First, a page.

Wiley supervises the preparation of his dinner. (Casey Lee Wanlass)

Another big advantage for camp chefs is that you can simply walk away once the meat is bagged and submersed. I put a rock on top of the elk to hold it underwater and walked back to camp to get the fire going, chase my dog around, and hang out with my friends. 

Precise timing during the submersion phase is far from critical. Allow at least an hour for the meat to come up to temperature and for the connective tissue to have time to break down. But, don’t leave it in there all day. Serious Eats conducted a study of the effects of various sous-vide cooking times on steak and determined that one hour provides ideal results, but the steak doesn’t begin to break down and become too soft until the four hour mark. You’ve got plenty of wiggle room. With a piece of elk this thick, I left it in the water for two hours. 

What’s going on inside the meat during that time is a gradual breakdown of connective tissue, transforming it from tough collagen to soft gelatin. Unlike high-temperature cooking methods, cell walls don’t burst and proteins don’t denature. So, combined with being sealed in with its own juices, the meat is allowed to remain extremely tender and moist, while achieving a perfectly even temperature throughout. 

The hot spring pools you bathe in won't be hot enough for sous-vide, but follow the spring towards its source and, with a simple, cheap meat thermometer, you should be able to find a 130°F pool. (Wes Siler)

You could safely and enjoyably consume the meat at this point. Provided you’ve achieved at least that 130°F temperature (test with a meat thermometer), it will be thoroughly cooked and pasteurized. But, you’d be missing the flavors of seared meat’s Maillard reaction if you did.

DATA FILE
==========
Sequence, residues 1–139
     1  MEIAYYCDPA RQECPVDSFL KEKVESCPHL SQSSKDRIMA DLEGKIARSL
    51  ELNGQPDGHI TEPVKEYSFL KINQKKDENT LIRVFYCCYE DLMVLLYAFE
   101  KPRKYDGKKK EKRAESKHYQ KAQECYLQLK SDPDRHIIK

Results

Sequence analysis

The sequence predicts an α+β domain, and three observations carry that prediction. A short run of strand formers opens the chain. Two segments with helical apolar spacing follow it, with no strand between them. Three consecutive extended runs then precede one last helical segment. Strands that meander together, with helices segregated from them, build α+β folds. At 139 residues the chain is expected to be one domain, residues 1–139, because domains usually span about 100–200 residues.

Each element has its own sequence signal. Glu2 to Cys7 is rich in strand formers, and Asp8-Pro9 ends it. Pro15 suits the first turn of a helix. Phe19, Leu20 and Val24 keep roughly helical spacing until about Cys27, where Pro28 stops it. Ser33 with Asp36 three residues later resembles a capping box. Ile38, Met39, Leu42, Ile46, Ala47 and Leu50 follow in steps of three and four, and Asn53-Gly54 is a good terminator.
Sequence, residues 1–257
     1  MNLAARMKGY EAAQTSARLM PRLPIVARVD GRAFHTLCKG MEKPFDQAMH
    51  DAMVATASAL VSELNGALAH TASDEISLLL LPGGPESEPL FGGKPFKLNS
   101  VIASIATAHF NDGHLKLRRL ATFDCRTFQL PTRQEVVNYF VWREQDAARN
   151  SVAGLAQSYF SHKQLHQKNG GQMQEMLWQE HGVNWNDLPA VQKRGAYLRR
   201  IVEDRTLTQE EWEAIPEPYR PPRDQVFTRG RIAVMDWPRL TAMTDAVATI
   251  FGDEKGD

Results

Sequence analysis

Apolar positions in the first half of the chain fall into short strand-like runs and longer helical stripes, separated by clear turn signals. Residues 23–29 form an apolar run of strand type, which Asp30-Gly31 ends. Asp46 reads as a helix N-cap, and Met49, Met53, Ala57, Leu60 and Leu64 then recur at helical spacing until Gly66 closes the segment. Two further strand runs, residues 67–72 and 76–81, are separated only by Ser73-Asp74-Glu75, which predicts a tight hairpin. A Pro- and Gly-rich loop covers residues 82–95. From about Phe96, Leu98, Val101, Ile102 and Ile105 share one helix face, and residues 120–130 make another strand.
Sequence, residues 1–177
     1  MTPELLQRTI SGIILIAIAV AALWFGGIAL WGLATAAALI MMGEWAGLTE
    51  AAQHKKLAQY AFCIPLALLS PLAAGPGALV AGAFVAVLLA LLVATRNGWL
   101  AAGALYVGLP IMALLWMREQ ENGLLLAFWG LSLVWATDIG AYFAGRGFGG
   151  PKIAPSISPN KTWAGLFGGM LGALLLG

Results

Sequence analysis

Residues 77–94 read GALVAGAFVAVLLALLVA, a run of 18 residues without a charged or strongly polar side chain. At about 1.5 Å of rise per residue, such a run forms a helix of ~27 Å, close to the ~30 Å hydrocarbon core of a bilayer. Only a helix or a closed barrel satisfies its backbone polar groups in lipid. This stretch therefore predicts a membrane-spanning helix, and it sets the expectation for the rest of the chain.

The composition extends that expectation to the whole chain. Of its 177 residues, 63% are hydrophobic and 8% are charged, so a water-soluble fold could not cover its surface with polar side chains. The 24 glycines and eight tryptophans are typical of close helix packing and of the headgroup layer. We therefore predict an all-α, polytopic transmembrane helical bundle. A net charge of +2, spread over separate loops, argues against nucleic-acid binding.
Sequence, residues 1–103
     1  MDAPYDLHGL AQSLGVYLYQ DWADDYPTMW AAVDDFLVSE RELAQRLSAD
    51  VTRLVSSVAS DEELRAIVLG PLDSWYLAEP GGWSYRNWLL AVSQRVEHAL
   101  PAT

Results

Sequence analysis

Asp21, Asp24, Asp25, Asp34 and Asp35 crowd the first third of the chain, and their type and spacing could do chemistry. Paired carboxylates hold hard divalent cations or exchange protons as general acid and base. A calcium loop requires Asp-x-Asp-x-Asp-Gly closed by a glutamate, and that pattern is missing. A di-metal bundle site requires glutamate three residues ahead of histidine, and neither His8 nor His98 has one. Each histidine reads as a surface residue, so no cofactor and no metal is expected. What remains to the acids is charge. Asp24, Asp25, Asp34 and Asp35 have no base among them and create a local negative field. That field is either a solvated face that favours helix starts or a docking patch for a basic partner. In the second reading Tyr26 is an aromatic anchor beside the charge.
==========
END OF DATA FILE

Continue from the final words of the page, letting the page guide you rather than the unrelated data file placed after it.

We served the elk with Jane Stady's famous berry compote: 

  • 3 small shallots diced
  • 2 tbsp butter
  • 1 can of good cranberry sauce, provides gelatin
  • 1/2 pint blueberries 
  • 1/2 pint blackberries
  • 1/2 pint raspberries
  • 1/2 pint stemmed and 1/4'd strawberries
  • 1 blood orange or meyer lemon, zest and juice
  • 1 sprig rosemary
  • Salt, pepper, and/or sugar to taste

Saute shallots in butter. Add berries, rosemary, and citrus. Cook down till thick enough to coat the back of a spoon being mindful not to burn as the berries contain a lot of natural sugars. Remove rosemary. Salt/pepper/sugar can be tailored to taste depending if used for a sweet or savory dish.

While I had the elk submersed in the hot spring, I got a nice fire going, producing a solid bed of coals. We pulled the meat out of the water, de-bagged it, and then placed it directly on the coals. Provided they’re glowing red, you’ll be able to cook directly on them, with no grate, without the meat collecting ash. After two minutes on each side, we figured the elk was ready, pulled it onto a fire side rock, and sliced it up to serve. Ten pounds was more than enough for four hungry campers; our two dogs each got a slice for their Christmas dinner too. 

As you can see, that sear was actually a little too long. I’d recommend erring on the side of too little time instead of too much. After all, the meat is already cooked by this point. But this also highlights the final advantage of cooking by hot spring: the meat was so tender and so juicy, that even the half-inch overcooked portion was still incredibly tasty. Not only does hot spring sous-vide produce juicer meat, but it’s also a more foolproof cooking method than fire.

All manner of weird things happen in hot springs, and they're home to sometimes-fatal bacteria like Naegleria fowleri. Your food is safe inside the sealed plastic bag, but make sure you practice good cooking hygiene. Also, hand sanitizer is a very good idea. ( )